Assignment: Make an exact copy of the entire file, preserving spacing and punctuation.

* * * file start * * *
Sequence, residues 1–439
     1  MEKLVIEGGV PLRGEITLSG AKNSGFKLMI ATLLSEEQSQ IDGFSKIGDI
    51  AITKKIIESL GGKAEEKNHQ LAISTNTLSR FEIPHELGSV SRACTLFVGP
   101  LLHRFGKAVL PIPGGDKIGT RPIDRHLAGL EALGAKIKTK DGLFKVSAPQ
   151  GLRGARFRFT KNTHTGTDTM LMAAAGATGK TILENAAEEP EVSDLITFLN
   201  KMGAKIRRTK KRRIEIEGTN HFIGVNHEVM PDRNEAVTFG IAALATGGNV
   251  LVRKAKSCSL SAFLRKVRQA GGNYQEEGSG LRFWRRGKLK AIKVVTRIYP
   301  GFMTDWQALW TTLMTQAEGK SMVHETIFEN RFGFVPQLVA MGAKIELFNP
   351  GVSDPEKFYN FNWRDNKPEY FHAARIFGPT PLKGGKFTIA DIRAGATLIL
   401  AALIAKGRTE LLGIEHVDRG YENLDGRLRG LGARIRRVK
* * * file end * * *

Sequence, residues 1–439
     1  MEKLVIEGGV PLRGEITLSG AKNSGFKLMI ATLLSEEQSQ IDGFSKIGDI
    51  AITKKIIESL GGKAEEKNHQ LAISTNTLSR FEIPHELGSV SRACTLFVGP
   101  LLHRFGKAVL PIPGGDKIGT RPIDRHLAGL EALGAKIKTK DGLFKVSAPQ
   151  GLRGARFRFT KNTHTGTDTM LMAAAGATGK TILENAAEEP EVSDLITFLN
   201  KMGAKIRRTK KRRIEIEGTN HFIGVNHEVM PDRNEAVTFG IAALATGGNV
   251  LVRKAKSCSL SAFLRKVRQA GGNYQEEGSG LRFWRRGKLK AIKVVTRIYP
   301  GFMTDWQALW TTLMTQAEGK SMVHETIFEN RFGFVPQLVA MGAKIELFNP
   351  GVSDPEKFYN FNWRDNKPEY FHAARIFGPT PLKGGKFTIA DIRAGATLIL
   401  AALIAKGRTE LLGIEHVDRG YENLDGRLRG LGARIRRVK